Are Chennai’s kidneys packing up?

An aerial view of the Pallikaranai Marsh with the Thoraipakkam-Pallavaram Radial Road cutting through it. File Photo: Shaju John

An aerial view of the Pallikaranai Marsh with the Thoraipakkam-Pallavaram Radial Road cutting through it. File Photo: Shaju John   | Photo Credit: shaju John

Researchers at the Centre for Climate Change and Disaster Management at Anna University have been pointing out that unless the problems of garbage dumping and sewage inflow are addressed, the Pallikaranai Marsh will be unable to perform its vital function efficiently

In Samuel Beckett's play “Waiting For Godot”, the two main characters don’t get anywhere even in the rare occasions when they display some degree of decisiveness. At the end of the play, they are still where they began.

The narrative about the Perungundi landfill and the Pallikaranai Marsh is somewhat similar. There have been a lot of conversations and even some efforts in recent times to do something about the landfill that has been plonked in a wetland, which include reducing the amount of garbage reaching it, and still the problem seems ominously big.

During the decade that just passed into history, the Centre for Climate Change and Disaster Management (CCC&DM) at Anna University had been carrying out studies to assess how well the Marsh plays its role as natural kidneys in a urban expanse.

Over the years, the Marsh may have shrunk due to encroachments, and now reduced to a wafer-thin semblance of what it once was. However, the focus now is on what remains of the wetland and how to make it an effective filter, which is what wetlands are supposed to be. And how the landfill is queering the pitch, is an inextricable part of this narrative.

Environment scientists and researchers at CCC&DM point out that the Marsh is under-performing and also causing damage to the environment, due to the garbage piled up on one section and also the sewage and grey water that are flowing into it.

“Pallikaranai Marsh is a bad emitter rather than a good sinker. It emits considerable amounts of methane. It is supposed to function as a carbon sink, but it emits more carbon dioxide than it absorbs. As per our studies, the carbon sequestration potential of the wetland is 0.0020 Giga grams of carbon/year; and the wetland emits 26.6 Giga grams of carbon/ year. At this Marsh, the dissolved oxygen is considerably less, which pushes up the biological oxygen demand of living organisms,” says A. Ramachandran, emeritus professor, CCC&DM, who conducted the study “Identification of Pollution Source, Biodiversity Degradation and Adaptive Mechanism for Sustainable Management of Pallikaranai Marshland – Phase I”. The study was carried out on behalf of The Tamil Nadu Forest Department.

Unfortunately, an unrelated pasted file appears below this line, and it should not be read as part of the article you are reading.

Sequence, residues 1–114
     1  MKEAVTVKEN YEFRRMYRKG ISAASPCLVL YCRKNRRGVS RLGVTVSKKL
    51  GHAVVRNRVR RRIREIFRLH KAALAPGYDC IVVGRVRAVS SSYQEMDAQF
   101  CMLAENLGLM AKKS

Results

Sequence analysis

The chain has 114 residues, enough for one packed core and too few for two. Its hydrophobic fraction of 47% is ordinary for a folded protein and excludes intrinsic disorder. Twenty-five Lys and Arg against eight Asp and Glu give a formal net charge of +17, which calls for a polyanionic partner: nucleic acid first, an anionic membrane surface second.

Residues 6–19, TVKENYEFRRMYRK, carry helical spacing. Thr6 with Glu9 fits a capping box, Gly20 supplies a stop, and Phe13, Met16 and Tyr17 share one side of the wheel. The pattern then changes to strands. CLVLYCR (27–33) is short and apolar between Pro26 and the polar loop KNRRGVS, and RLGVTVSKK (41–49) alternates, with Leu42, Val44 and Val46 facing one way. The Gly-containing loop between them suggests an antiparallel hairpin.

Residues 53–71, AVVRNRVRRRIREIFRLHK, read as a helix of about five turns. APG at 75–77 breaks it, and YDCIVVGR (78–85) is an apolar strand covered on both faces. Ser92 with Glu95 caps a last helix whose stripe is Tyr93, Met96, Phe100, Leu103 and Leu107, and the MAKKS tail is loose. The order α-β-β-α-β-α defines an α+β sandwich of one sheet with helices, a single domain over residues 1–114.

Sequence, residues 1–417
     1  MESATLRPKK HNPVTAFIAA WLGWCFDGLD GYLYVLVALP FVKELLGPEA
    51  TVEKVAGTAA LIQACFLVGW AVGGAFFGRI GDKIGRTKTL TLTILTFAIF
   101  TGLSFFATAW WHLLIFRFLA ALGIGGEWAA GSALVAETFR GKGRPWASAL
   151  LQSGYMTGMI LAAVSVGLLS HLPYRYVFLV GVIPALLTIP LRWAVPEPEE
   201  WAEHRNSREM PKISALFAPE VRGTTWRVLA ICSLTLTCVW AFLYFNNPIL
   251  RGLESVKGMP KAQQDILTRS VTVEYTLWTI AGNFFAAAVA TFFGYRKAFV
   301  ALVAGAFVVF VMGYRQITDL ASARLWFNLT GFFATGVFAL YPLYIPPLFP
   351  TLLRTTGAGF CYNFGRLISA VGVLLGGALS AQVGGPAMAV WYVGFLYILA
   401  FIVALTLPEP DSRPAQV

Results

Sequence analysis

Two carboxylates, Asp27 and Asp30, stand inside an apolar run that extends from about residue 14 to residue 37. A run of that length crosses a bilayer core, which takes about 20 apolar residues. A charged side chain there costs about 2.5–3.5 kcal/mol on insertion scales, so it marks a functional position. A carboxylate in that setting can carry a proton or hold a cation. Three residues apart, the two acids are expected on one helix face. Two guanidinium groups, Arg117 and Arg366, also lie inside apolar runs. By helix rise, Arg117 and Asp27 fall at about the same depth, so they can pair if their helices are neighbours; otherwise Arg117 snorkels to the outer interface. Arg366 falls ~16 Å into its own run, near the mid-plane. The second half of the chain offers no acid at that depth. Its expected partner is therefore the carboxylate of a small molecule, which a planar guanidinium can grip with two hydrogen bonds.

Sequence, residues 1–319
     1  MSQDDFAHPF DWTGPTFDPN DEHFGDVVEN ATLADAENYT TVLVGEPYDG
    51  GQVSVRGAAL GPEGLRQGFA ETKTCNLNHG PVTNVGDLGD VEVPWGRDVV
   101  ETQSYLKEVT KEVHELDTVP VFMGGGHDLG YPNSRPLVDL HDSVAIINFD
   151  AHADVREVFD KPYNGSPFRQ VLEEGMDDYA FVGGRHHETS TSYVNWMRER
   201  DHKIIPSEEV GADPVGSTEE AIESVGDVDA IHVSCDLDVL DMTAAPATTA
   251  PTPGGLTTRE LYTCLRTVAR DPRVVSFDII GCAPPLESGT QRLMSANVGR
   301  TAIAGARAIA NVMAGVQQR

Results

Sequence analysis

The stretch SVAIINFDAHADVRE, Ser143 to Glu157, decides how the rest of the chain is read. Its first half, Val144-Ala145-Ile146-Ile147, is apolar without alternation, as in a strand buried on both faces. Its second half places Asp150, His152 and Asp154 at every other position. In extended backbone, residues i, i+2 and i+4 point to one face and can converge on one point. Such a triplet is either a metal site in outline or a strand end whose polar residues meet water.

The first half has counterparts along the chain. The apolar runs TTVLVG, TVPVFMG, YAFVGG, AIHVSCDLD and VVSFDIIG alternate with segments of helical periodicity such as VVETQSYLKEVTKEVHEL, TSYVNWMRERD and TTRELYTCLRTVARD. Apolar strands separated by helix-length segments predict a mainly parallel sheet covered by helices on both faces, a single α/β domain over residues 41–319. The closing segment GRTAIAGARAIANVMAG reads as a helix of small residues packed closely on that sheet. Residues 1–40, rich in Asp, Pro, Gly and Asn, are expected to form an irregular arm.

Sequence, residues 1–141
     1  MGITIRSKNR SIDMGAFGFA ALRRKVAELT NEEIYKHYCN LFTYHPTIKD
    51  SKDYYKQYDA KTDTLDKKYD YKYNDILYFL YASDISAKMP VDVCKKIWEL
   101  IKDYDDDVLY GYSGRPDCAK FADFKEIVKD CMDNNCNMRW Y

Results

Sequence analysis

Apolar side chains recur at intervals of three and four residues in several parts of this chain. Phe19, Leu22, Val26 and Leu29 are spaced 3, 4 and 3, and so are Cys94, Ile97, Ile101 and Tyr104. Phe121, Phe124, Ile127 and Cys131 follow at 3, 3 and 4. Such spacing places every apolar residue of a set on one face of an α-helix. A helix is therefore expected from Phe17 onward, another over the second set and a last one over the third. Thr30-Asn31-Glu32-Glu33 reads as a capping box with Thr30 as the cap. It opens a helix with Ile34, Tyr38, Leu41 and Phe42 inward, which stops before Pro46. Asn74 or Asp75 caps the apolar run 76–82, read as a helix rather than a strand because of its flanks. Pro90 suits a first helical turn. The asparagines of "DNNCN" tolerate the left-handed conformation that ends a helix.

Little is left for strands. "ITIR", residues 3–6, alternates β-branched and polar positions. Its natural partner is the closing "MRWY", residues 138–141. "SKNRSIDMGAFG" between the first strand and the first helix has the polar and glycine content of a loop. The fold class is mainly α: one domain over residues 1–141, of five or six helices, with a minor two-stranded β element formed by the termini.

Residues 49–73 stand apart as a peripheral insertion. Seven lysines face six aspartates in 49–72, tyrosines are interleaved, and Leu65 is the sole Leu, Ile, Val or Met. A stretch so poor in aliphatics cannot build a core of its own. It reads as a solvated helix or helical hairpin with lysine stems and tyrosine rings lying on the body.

Though this study was carried out from 2010 to 2013, it gained traction around the corresponding time last year, around World Wetlands Day, when a seminar discussing the Marsh and its role as an ecosystem-regular was organised.

It is a moot point whether the message of this study has spurred a powerful wave of initiatives. As this study and a couple of others, conducted by the Centre, evoke a sense of urgency, their core message is being shared on the eve of another World Wetlands Day. Significantly, the theme of the Day this year is “Wetlands and Biodiversity” and this decade — 2020s — has been named the “United Nations Decade on Ecosystem Restoration”.

By their very nature, wetlands characterised as they are by anaerobic conditions, will generate methane as a natural process of organic matter (plants and animals) being decomposed as soil carbon — it is termed methanogenesis. However, there is cause for concern when the amounts of methane that are produced and let into the atmosphere are high. A high level of methanogenesis is a characteristic feature of wetlands marked by a great degree of pollution. As methane is one of the most significant greenhouse gases contributing to climate change, this is a really serious concern.